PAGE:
series CAAD Futures
last changed 2003/11/21 14:15

_id sigradi2012_30
id sigradi2012_30
authors Angeluzzi, Gustavo; Hanns, Daniela Kutschat
year 2012
title Um levantamento de requisitos gerais para o desenvolvimento e posicionamento de DOOTERS – um aplicativo lúdico de listas de tarefas para iPhone [A survey of general requirements for developing and positioning DOOTERS - a to-do list application for iPhone]
source SIGraDi 2012 [Proceedings of the 16th Iberoamerican Congress of Digital Graphics] Brasil - Fortaleza 13-16 November 2012, pp. 191-195
summary DOOTERS is a to-do list application for iPhone which entertains and motivates the user to get things done. It was developed based on requirements obtained trough: 1. the study of several personal information organizing methods (Covey, 1989; Allen, 2005; Foster, 2006); 2. answers to a task lists user focused questionnaire; 3. observation of to-do list users while creating lists and organizing tasks; 4. comparison of digital and non-digital task list media (paper, computer and mobile device); 5. analysis of profiles, behaviors and to-do list applications for iPhone. In this paper, the authors present the process of obtaining requirements for developing and positioning DOOTERS.
keywords information and interface design, requirements, to-do list application, iPhone, DOOTERS
series SIGRADI
last changed 2016/03/10 08:47

_id a74a
authors Asanowicz, Alexander
year 1989
title Four Easy Questions
source CAAD: Education - Research and Practice [eCAADe Conference Proceedings / ISBN 87-982875-2-4] Aarhus (Denmark) 21-23 September 1989, pp. 9.18.1-9.18.4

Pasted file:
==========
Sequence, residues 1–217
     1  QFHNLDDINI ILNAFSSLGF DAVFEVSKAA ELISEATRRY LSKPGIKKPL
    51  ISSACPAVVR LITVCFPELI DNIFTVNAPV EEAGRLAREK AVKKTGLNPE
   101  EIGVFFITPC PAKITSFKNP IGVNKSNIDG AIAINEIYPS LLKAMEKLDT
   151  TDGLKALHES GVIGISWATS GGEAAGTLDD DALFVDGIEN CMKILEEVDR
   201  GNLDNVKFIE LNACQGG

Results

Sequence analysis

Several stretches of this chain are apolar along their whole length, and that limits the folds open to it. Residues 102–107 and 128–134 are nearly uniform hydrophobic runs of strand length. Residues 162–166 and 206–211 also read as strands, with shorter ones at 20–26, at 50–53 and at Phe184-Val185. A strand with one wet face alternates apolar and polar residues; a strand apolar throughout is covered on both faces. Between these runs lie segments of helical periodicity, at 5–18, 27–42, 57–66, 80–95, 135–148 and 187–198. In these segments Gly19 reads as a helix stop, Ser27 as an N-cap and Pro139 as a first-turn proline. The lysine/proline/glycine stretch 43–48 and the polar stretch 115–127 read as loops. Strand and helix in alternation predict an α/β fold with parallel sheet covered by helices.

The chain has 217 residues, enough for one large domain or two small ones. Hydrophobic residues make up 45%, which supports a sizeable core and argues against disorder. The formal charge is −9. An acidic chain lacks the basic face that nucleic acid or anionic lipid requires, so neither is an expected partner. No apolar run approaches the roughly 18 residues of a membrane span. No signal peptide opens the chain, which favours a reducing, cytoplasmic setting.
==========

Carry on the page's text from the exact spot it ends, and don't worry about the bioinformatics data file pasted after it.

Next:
summary Should we teach CAAD? - yes, but why? Answer to this question is clear too. Question three - "when?" - on the 5, 6 and 7 term. Why so rate? - it is a compromise because "Architecture is an art" and students of architecture should know how to make a project without computers. How to teach CAAD? - we should teach haw to use professional computer programs and not programming. We must work out a new manual for architects. It should be constructed in such a way as to correspond to consecutive steps of the architectural design process.
keywords CAAD, Manuals, Architectural Design Process
series eCAADe
last changed 2003/11/21 14:16

_id 4032
authors Barron, Christopher L.
year 1989
title 3-D Modelling
source architectural and Engineering Systems. April, 1989. [41] -56 unevenly numbered
summary From screen to structure, more and more AEs are finding design solutions in the third dimension. The author reviews current 3-D modeling systems, what are the expectations of the users and the developers goals
keywords architecture, practice, drafting, modeling, systems
series CADline
last changed 2003/06/02 11:58

_id 29d2
authors Barsky, Brian A. and DeRose,Tony D.
year 1989
title Geometric Continuity of Parametric Curves: Three Equivalent Characterizations